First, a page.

Related Organizations: City of New York, New York

Resource Category: Law and Governance

 

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Operational Responses to Climate Change Impacts

December 29, 2006

Commissioned by the Transportation Research Board (TRB), this report discusses the impacts of climate change on transportation operations in the United States, and suggests adaptive responses to fully incorporate the consideration for weather-related disruptions and emergencies into systems operations and management processes. It discusses the effects of climate change on the principle activities of state departments of transportation. A particular focus of the report includes road congestion management and emergency response.

Related Organizations: PB Consult, Transportation Research Board (TRB) of the National Academies

Author or Affiliated User: Steve Lockwood

Resource Category: Assessments

 

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Design Standards for U.S. Transportation Infrastructure: The Implications of Climate Change

November 2006

This paper is intended to “provide a broad conceptual framework for the possible role and objectives of standards and guidelines for the planning, design and construction of the transportation infrastructure under the assumption that climate change is occurring and will impact U.S. transportation.”

Related Organizations: Transportation Research Board (TRB) of the National Academies

Author or Affiliated User: Michael D. Meyer

Resource Category: Planning

 

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Getting Ahead of the Curve: Corporate Strategies that Address Climate Change

October 2006

This report provides a “how to” guide and six detailed case studies to assist companies in developing a strategy to mitigate climate change related risk. The report also offers perspective on corporate views on greenhouse gas (GHG) regulation, government assistance for technology advancement, and other business related policy issues. Findings are the result of research and best practices from 31 corporations surveyed by the Pew Center on Global Climate Change (now the Center for Energy and Climate Solutions or C2ES).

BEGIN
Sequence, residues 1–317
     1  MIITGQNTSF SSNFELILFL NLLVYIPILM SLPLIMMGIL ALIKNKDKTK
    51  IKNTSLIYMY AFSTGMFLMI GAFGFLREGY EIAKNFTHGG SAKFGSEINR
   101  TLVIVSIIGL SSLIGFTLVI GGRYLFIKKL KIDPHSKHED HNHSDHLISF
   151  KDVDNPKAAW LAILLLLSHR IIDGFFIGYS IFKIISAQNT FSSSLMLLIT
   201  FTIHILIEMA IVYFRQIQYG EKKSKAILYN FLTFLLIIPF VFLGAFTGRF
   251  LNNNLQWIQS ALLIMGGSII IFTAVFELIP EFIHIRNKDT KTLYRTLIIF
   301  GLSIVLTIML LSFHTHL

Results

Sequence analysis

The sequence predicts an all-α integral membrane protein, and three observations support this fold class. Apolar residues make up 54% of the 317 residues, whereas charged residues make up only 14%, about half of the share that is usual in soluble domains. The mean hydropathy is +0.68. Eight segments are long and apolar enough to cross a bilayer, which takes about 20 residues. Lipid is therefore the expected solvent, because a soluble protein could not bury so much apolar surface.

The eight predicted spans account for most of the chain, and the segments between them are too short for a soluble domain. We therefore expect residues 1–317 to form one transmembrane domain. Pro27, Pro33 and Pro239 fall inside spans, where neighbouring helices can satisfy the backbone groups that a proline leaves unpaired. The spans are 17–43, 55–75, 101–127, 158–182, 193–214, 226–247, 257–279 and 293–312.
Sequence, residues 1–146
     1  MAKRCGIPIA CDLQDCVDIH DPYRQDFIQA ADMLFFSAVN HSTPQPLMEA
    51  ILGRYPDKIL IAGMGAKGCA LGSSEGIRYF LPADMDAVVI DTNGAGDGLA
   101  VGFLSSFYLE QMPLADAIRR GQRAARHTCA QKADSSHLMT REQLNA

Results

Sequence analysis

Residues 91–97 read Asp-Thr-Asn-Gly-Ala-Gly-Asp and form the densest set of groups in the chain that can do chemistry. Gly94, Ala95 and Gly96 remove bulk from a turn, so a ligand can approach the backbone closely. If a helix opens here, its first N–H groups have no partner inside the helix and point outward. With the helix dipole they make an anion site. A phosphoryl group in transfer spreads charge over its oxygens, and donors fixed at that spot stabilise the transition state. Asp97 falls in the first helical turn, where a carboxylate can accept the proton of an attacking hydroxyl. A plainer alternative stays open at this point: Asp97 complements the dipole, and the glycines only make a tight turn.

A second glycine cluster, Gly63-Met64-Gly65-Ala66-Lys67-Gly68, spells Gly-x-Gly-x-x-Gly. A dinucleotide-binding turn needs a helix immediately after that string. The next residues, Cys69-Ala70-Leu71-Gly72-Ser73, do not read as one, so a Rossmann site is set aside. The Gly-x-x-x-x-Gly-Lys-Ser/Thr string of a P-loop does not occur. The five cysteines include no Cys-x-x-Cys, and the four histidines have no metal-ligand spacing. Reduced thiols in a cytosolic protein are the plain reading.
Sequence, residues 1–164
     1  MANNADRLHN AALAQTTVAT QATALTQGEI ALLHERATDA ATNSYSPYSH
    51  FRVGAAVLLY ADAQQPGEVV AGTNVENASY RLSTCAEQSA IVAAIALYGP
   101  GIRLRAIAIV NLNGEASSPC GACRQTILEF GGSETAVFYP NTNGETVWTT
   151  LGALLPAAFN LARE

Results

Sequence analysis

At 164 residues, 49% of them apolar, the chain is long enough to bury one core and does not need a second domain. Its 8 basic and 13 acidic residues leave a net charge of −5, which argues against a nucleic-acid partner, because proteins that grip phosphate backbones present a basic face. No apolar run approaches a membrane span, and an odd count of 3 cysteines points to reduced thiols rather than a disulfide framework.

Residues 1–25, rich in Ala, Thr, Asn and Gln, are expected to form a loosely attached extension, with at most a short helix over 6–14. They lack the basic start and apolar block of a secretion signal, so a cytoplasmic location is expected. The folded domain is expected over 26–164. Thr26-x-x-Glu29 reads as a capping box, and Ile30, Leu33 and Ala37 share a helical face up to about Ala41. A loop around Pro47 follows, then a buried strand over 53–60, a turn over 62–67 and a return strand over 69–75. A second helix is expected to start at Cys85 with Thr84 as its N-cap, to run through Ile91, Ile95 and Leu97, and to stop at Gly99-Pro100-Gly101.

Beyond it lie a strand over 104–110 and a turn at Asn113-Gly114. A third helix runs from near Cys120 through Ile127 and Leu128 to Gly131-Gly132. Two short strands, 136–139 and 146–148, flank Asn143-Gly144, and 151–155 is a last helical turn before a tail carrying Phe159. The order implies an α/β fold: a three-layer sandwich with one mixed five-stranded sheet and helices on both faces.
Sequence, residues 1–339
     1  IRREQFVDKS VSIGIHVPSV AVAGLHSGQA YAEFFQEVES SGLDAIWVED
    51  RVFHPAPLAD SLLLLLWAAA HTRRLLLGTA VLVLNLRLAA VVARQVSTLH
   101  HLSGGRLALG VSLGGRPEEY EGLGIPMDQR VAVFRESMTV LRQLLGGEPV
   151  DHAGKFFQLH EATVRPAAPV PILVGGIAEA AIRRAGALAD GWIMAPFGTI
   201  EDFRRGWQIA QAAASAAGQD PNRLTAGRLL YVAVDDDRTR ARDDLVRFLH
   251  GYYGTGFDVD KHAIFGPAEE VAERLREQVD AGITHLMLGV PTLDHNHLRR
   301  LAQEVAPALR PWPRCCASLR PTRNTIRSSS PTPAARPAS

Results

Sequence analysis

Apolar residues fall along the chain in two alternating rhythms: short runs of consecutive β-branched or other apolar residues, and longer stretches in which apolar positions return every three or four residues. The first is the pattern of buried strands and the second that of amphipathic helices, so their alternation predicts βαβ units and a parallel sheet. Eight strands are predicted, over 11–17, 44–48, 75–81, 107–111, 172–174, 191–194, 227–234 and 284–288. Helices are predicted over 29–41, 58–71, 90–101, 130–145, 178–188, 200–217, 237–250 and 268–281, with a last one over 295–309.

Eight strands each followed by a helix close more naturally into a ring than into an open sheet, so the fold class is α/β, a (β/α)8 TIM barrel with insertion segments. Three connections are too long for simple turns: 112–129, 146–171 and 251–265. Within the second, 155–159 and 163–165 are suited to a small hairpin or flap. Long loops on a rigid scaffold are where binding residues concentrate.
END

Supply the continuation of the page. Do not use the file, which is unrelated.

Related Organizations: The Pew Center on Global Climate Change, Center for Climate and Energy Solutions (C2ES)

Author or Affiliated User: Andrew Hoffman

Resource Category: Solutions

 

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District of Columbia's RiverSmart Program

2006

Washington D. C. ’s Department of Energy and Environment (DOEE) administers a variety of "RiverSmart" programs to fund projects that reduce stormwater runoff and water pollution. The programs provide financial incentives, in the form of grants and rebates, to fund green infrastructure projects that reduce and treat stormwater runoff from impervious surfaces. Although the RiverSmart program was developed to help the District address water pollution from stormwater runoff, it also supports climate resilience by diverting rainwater from the city’s stormwater system to manage increasingly heavy rainfall events.

Resource Category: Funding

 

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Sea Level Rise in the Tampa Bay Region

August 14, 2006

The Tampa Bay region on the west coast of Florida has nearly 700 miles of shoreline susceptible to climate accelerated sea level rise. This draft report provides an overview of the sea level rise projections as understood in 2006, and describes federal, state and local level policies that relate to sea level rise planning. Maps were developed for each of the region’s four counties to demonstrate potential sea level rise projections, along with wetland mapping and “protection scenarios” delineating the likelihood of structural defensive measures (hard or soft) for the remaining coastline.

Related Organizations: Southwest Florida Regional Planning Council, Tampa Bay Regional Planning Council, U.S. Environmental Protection Agency (EPA)

Resource Category: Planning